ACTION: Broncos Cup netball on Wednesday. Many of the Warwick-based school netballers also play representative netball for the Warwick Netball Association.
ACTION: Broncos Cup netball on Wednesday. Many of the Warwick-based school netballers also play representative netball for the Warwick Netball Association. Gerard Walsh

Forget the win, it is how you played the game

Netball Chat with Linda Bunch

"SO GIRLS, how is your day going?”

"Yeah good. We're playing well - actually, we're playing really well. We haven't won a game yet but we're playing well.”

Music to my ears and soul. To have a team of 13-14 years players understand that winning isn't always what makes a good and/or successful day is full credit to them, their coaches and supporters.

The above conversation occurred at a representative carnival last weekend. Don't get me wrong, carnivals at the representative level are about winning and achieving the very best outcome as individual players and as a team.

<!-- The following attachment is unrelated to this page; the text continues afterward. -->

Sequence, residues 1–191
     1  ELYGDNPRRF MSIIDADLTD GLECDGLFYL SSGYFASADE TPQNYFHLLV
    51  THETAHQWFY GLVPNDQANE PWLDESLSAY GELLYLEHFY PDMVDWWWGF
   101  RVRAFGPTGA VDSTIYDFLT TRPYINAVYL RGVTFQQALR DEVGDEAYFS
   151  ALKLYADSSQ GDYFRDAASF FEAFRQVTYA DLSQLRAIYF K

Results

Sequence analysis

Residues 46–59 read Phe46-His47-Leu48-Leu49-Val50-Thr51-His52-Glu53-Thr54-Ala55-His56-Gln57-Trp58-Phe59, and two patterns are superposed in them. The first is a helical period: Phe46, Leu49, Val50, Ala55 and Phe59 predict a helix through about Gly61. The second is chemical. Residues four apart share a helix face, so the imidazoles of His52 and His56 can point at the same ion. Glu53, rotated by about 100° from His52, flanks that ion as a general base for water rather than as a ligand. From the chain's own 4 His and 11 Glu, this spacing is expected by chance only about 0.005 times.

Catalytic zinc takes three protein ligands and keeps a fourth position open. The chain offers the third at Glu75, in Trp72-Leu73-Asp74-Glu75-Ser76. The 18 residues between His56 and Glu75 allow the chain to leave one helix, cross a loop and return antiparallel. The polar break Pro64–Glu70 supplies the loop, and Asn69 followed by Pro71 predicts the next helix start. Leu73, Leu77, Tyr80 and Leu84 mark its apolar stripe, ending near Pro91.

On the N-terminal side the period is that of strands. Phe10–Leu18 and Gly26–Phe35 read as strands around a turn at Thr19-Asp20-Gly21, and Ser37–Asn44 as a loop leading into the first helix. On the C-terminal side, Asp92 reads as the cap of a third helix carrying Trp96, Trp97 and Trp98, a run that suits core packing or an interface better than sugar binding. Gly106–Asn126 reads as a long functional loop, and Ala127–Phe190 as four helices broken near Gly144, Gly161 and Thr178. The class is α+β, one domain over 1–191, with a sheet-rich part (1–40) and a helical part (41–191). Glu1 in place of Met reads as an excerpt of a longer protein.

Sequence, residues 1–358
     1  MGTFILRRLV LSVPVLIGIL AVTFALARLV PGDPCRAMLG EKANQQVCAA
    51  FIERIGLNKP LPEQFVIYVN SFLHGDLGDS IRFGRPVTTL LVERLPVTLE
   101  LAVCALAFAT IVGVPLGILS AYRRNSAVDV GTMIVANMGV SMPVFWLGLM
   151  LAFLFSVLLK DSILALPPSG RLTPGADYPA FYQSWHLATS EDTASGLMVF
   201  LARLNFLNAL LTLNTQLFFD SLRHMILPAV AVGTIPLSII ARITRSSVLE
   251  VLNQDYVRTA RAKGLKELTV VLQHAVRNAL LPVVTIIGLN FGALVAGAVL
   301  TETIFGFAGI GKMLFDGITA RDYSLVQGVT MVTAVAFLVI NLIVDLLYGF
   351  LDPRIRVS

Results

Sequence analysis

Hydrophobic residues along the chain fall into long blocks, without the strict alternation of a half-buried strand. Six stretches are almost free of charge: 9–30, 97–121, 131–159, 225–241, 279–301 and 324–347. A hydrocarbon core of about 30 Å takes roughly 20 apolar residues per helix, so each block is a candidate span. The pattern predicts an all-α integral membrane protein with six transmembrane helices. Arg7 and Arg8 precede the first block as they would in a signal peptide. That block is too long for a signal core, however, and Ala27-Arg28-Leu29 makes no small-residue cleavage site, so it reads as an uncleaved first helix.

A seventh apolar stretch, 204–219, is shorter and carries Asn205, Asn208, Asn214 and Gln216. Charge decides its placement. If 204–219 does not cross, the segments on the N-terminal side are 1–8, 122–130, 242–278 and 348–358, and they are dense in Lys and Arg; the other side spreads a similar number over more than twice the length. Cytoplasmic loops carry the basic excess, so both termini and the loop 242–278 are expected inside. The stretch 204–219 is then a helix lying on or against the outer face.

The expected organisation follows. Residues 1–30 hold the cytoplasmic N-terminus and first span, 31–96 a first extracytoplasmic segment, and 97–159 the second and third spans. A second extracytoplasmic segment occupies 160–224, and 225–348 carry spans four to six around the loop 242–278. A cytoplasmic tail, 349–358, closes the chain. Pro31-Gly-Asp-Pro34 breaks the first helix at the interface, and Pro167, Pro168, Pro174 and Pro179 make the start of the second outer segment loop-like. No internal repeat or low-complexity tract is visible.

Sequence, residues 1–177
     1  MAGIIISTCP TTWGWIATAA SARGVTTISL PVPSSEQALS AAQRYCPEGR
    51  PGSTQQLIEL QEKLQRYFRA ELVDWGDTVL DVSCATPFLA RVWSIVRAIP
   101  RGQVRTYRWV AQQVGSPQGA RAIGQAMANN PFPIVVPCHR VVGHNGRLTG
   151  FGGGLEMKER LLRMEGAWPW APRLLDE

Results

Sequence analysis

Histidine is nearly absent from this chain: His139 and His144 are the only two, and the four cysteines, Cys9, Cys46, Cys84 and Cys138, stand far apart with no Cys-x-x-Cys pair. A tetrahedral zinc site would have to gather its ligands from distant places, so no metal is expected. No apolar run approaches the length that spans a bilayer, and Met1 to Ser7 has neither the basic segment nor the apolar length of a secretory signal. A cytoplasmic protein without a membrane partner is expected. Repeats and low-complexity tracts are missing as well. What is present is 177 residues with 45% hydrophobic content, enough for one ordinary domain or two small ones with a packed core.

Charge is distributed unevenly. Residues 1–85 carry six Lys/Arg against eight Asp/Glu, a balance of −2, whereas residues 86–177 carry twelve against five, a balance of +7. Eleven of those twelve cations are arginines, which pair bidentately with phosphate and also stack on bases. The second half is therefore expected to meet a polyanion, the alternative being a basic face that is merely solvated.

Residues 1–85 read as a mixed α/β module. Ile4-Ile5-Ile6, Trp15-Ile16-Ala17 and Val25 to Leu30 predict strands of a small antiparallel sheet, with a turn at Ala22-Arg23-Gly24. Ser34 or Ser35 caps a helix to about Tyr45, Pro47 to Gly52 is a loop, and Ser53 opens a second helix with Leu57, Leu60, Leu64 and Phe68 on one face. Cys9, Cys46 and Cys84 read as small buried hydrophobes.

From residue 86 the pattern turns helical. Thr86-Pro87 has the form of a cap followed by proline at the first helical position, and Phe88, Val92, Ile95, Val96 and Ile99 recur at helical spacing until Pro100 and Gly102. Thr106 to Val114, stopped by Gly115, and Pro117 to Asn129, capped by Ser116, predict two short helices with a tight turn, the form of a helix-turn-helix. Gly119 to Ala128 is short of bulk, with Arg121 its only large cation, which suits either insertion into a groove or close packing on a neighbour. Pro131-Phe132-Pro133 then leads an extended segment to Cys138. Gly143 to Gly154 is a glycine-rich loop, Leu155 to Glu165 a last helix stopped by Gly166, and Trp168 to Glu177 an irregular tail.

But as important as the score is, it's not everything - especially for first representative level junior players.

Representative players should be giving each trainin gsession and game their absolute best. Another comment this week perfectly defines this: "Come on girls, we can do this, leave it all on the court.”

Players need to walk off a court knowing they gave it their all, put into practice the hours of training they've received, are proud of their efforts and know if the score is not in their favour the other team was the better on the day.

To play well and lose a game to a better team is acceptable, to lose a game due to non-commitment and lack of dedication at this level is not.

The wonderful Australian tennis player and French Open winner Ash Barty would never leave a court having not given the game her all.

I look forward to seeing the Australian Diamonds players doing just this in 27 days' time when the Netball World Cup begins.